Monday, February 6, 2012

Art Spiegelman's "Two-Fisted Painters"

Art Spiegelman is not only the creator of the  Pulitzer Prize winning graphic Novel Maus, he, along with his partner Françoise Mouly, were the creators of Raw Magazine where Maus first appeared. I was a huge fan of Raw Magazine back in the 80's. Reading it had a way of altering your view of what comics were. I would read something like Art Spiegelman's Two-Fisted Painters and I would start to see color breakdowns in all comics that I read afterward. I remember studying all the nuances of the book. I would look at the color break-downs and compare them to the finished pages, and study the pages with the 'wrong' color separation on them.

click on the pictures to get larger versions -


Behind this silly veneer of a hard-boiled detective story Spiegelman has created this very clever way of looking at the four color printing process. Not only do we get a clever story filled with funny fine art references but we also get a lesson in printing as well. I just love how the physical comic itself becomes part of the whole experience. When the alien steals the colors, he puts the 3 primary colors into jars. These are the very same colors that the printer who printed this comic used to make it, cyan, magenta and yellow. Then Spiegelman goes on to show us how these colors are combined like when the model runs down the stair case as the alien steals her colors Spiegelman first references Duchamp's famous Nude Descending the Staircase  then he takes the opportunity to show us the actual separations necessary to make her skin color. He does this again and again in the comic like the page where the man with glasses' colors are stolen we first see the colors minus the black, then again minus the black and yellow, and so on until he is just a black image on white paper. Interestingly Spiegelman contrasts this with the very subdued colors of the writers story just to show that the brightness of the colors of the main story were intentionally picked to show off the process. To tie it all together he puts the color separations of the first page on the inside front cover only using gray tones (rather than the colors they represent), and to finish the story off, uses those very same color separations on the very last page underneath the blacks of the alien running away with the type writer, though this may not be clear from these scans because of their relatively low quality.  That's why the colors don't match the picture. Go ahead and compare.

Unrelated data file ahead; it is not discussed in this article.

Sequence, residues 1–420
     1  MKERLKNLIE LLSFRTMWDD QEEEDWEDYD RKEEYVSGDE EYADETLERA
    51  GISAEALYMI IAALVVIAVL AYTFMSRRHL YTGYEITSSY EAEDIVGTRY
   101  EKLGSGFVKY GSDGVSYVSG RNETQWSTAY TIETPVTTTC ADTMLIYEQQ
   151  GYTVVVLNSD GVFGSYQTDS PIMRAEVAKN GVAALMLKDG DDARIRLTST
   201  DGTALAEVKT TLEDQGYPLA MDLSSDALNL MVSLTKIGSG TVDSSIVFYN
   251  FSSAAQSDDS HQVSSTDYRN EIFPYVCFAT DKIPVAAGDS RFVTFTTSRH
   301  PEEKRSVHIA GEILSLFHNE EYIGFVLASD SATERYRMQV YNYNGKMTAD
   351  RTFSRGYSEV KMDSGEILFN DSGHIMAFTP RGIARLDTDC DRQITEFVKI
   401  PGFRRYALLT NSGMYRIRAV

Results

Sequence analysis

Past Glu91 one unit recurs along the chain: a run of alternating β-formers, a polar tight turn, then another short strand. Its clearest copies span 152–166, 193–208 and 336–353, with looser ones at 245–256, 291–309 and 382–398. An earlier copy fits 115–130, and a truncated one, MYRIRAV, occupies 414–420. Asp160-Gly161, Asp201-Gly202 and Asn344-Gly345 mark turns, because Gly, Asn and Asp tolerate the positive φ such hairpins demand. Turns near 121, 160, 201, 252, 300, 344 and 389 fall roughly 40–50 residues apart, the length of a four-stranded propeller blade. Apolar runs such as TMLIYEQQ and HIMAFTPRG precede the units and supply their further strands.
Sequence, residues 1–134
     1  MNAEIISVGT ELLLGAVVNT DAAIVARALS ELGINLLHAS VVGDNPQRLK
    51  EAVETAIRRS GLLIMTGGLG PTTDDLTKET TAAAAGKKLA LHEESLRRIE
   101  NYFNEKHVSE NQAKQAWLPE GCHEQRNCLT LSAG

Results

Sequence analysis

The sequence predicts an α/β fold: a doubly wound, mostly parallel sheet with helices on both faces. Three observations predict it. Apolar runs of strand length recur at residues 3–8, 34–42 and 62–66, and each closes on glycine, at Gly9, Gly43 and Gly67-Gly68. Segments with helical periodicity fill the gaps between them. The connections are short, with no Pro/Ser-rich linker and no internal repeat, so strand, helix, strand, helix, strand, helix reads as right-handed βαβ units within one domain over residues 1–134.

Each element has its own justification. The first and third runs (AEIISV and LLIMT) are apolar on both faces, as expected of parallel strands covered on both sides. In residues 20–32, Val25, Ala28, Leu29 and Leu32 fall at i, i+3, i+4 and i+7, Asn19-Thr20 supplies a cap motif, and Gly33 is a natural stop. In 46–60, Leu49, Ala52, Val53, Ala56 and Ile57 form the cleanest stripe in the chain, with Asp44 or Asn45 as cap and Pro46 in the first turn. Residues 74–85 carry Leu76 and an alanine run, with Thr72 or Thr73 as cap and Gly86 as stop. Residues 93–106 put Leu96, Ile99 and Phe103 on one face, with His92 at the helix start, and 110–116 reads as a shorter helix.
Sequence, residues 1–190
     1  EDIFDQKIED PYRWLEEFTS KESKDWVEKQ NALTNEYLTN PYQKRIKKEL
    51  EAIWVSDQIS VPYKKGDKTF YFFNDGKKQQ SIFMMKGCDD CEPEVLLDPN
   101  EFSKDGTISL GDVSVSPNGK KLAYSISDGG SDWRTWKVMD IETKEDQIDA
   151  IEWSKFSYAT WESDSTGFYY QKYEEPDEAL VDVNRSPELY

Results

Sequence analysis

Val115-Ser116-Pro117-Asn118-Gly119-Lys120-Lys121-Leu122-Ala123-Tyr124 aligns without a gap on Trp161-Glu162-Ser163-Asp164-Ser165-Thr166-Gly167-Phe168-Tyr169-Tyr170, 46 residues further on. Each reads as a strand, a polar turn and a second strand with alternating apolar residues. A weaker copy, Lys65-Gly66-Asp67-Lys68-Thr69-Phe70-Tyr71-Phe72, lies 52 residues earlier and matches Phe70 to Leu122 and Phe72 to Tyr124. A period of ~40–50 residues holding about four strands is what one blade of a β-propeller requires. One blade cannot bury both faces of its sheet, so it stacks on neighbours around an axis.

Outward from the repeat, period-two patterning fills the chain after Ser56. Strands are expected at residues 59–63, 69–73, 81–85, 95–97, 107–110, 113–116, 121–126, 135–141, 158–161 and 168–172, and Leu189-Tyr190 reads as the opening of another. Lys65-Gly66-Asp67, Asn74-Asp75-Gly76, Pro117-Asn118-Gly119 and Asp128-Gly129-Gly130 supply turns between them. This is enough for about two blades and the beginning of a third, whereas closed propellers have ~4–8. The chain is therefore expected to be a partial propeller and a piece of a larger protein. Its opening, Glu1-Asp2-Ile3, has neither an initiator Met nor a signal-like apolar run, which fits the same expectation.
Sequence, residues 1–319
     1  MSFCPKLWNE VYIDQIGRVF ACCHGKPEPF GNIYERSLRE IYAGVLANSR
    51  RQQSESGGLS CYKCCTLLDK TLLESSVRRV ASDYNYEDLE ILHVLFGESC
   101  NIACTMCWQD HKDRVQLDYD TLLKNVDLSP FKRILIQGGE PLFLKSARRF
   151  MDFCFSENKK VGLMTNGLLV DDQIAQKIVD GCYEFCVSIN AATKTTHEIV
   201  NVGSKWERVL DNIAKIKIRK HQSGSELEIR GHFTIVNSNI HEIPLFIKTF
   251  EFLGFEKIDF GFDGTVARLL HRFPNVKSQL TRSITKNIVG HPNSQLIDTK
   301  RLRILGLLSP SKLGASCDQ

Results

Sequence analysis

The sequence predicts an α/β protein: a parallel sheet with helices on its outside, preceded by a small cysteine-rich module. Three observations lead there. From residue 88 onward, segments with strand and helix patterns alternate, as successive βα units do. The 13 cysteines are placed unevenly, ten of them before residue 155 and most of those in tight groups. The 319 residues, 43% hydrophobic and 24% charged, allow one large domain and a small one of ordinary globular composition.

I just love this story to death. I've studied these pages so many times and even now as I'm putting this blog post together I'm still enjoying Art Spiegelman's cleverness.

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